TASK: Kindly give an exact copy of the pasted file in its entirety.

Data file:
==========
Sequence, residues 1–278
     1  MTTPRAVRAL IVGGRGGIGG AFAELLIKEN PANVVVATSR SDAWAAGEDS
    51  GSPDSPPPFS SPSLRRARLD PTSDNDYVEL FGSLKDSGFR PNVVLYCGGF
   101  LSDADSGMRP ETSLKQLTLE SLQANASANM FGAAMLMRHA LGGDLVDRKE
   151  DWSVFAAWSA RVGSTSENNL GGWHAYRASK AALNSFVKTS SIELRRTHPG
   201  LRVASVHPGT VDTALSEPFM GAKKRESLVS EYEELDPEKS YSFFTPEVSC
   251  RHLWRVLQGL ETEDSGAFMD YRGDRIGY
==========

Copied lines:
Sequence, residues 1–278
     1  MTTPRAVRAL IVGGRGGIGG AFAELLIKEN PANVVVATSR SDAWAAGEDS
    51  GSPDSPPPFS SPSLRRARLD PTSDNDYVEL FGSLKDSGFR PNVVLYCGGF
   101  LSDADSGMRP ETSLKQLTLE SLQANASANM FGAAMLMRHA LGGDLVDRKE
   151  DWSVFAAWSA RVGSTSENNL GGWHAYRASK AALNSFVKTS SIELRRTHPG
   201  LRVASVHPGT VDTALSEPFM GAKKRESLVS EYEELDPEKS YSFFTPEVSC
   251  RHLWRVLQGL ETEDSGAFMD YRGDRIGY